On October 1st (unless otherwise noted) a number of new laws will take effect in Maryland that may have an impact on you or those with whom you work. Below is a summary of a few key pieces of legislation of which you should be aware.
HB 507 – Maryland Fiduciary Access to Digital Assets Act: This Act authorizes a person with digital assets to direct the disclosure of information relating to those assets in certain circumstances. A previous Article provides the details.
HB 541 – Upon divorce or annulment, certain provisions of a revocable trust that relate to the spouse will be revoked. This new statute is comparable to what has been established for wills under Section 4-105(4) of the Estates and Trust Article of the Annotated Code of Maryland.
HB 887 – Section 14.5-303 of the Estates and Trusts Article of the Annotated Code of Maryland is amended to add a new subsection (7) allowing for virtual representation of a minor, incapacitated, unborn or unknown individual, by a grandparent or more remote ancestor, provided there is no conflict of interest. In addition, Section 14.5-304 is added to the Estates and Trusts Article permitting anyone to represent a minor, incapacitated, unborn or unknown individual, provided there is a ‘substantially identical interest’ and no conflict of interest exists. The purpose is to avoid having to appoint a guardian ad litem in a court proceeding involving trusts.
HB 888 – The new statute will allow trustees and beneficiaries to enter into a binding settlement agreement relating to the administration of a trust without having to involve the court. The actions that can be agreed upon within a non-judicial settlement agreement by the trustees and beneficiaries must be those that a court could have approved. For example, a non-judicial settlement agreement could address interpretation or construction of terms of the trust, approval of an accounting or trustee succession.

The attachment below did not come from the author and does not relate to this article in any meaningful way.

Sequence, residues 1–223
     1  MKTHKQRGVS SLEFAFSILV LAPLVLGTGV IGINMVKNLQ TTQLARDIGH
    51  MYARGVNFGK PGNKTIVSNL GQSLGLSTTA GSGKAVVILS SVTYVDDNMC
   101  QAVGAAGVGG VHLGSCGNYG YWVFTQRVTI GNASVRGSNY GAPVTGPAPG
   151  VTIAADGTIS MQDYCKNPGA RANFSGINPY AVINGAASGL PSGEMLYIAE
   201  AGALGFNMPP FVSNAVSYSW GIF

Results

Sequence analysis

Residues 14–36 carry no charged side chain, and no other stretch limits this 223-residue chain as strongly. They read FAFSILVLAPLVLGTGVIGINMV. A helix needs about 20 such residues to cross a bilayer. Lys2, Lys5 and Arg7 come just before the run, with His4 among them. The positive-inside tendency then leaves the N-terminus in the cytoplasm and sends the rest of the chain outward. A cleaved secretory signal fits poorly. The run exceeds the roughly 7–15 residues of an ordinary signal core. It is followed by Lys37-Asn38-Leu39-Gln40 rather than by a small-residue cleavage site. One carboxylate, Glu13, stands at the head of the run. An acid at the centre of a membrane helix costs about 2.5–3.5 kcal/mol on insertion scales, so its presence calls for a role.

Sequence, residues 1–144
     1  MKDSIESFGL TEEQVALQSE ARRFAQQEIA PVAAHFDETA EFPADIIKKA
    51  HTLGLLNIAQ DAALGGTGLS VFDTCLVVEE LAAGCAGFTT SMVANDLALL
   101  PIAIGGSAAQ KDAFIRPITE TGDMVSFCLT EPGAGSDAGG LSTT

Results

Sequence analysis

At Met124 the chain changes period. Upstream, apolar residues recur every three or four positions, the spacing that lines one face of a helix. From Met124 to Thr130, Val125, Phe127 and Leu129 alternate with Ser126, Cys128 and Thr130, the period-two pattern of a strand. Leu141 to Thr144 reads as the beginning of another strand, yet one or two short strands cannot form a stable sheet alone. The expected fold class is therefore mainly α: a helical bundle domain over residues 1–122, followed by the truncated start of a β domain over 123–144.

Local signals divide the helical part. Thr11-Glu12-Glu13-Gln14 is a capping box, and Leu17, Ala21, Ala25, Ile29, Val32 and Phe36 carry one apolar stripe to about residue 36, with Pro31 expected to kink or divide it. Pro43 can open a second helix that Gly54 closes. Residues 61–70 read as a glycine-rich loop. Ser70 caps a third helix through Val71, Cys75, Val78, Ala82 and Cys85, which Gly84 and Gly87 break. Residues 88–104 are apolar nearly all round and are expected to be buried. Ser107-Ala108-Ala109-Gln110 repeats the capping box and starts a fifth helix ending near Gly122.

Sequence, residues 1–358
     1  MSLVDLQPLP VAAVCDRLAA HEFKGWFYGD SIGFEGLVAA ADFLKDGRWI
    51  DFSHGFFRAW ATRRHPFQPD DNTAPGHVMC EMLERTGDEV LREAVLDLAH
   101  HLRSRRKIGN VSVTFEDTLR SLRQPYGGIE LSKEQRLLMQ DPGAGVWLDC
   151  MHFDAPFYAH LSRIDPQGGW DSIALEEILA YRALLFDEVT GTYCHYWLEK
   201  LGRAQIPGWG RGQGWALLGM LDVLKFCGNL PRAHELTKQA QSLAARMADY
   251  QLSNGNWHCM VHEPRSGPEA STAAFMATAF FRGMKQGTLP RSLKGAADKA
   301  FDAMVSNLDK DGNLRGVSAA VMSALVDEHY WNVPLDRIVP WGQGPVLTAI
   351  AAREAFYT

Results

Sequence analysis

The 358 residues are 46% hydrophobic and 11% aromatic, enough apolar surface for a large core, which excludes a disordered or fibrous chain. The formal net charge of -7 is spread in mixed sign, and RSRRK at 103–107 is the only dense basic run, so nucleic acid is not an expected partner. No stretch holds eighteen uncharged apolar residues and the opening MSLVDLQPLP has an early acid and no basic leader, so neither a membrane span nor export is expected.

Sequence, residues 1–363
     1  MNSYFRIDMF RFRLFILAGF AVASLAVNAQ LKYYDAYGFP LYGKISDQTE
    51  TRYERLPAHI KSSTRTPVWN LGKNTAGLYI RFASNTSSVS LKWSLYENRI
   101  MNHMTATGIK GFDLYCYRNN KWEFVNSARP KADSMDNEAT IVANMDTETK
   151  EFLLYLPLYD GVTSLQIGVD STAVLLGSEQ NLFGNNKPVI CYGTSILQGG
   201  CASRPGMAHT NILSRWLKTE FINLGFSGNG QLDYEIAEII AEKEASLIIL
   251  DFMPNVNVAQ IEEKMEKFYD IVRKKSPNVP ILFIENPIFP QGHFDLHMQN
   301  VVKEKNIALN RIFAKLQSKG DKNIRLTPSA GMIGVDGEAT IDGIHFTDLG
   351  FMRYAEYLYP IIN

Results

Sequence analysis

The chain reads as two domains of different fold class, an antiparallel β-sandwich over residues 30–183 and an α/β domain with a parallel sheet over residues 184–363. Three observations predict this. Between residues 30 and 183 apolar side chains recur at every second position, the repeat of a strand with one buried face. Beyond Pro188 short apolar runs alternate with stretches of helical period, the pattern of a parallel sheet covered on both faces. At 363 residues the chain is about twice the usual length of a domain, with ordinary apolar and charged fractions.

HB 431 – Requires the establishment of the Maryland ABLE Program to allow for savings accounts similar to 529 Plan accounts to be created for a person under a disability. This was effective as of July 1, 2016. Two previous articles discussed the ABLE Program.
HB 718 – Asset Recovery for Exploited Seniors Act: Allows for a civil action to be brought for damages against a person who knowingly and willfully takes from another, who is at least 68 years old, his or her assets. A criminal conviction is not necessary before bringing the civil action.
HB 1385 – If an individual does not have a health care directive, ‘any authentic expression’ made by such person, who is deemed to be competent, regarding his or her wishes and desires about their health care ‘shall be considered.’
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